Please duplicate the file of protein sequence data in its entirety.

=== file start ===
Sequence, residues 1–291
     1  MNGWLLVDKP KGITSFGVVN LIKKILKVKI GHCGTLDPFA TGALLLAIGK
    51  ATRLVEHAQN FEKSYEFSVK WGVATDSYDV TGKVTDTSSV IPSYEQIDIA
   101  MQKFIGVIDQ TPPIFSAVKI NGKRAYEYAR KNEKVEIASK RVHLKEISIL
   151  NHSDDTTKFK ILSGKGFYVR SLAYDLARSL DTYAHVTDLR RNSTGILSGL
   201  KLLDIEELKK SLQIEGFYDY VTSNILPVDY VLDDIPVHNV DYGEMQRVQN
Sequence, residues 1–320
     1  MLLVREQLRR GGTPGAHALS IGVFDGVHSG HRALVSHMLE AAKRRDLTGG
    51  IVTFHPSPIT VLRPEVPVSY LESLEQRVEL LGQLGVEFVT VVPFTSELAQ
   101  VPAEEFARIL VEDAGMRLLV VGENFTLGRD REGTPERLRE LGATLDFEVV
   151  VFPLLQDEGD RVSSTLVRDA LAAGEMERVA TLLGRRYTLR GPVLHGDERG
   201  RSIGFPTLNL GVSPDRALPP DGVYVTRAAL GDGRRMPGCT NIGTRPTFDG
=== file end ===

Sequence, residues 1–291
     1  MNGWLLVDKP KGITSFGVVN LIKKILKVKI GHCGTLDPFA TGALLLAIGK
    51  ATRLVEHAQN FEKSYEFSVK WGVATDSYDV TGKVTDTSSV IPSYEQIDIA
   101  MQKFIGVIDQ TPPIFSAVKI NGKRAYEYAR KNEKVEIASK RVHLKEISIL
   151  NHSDDTTKFK ILSGKGFYVR SLAYDLARSL DTYAHVTDLR RNSTGILSGL
   201  KLLDIEELKK SLQIEGFYDY VTSNILPVDY VLDDIPVHNV DYGEMQRVQN
Sequence, residues 1–320
     1  MLLVREQLRR GGTPGAHALS IGVFDGVHSG HRALVSHMLE AAKRRDLTGG
    51  IVTFHPSPIT VLRPEVPVSY LESLEQRVEL LGQLGVEFVT VVPFTSELAQ
   101  VPAEEFARIL VEDAGMRLLV VGENFTLGRD REGTPERLRE LGATLDFEVV
   151  VFPLLQDEGD RVSSTLVRDA LAAGEMERVA TLLGRRYTLR GPVLHGDERG
   201  RSIGFPTLNL GVSPDRALPP DGVYVTRAAL GDGRRMPGCT NIGTRPTFDG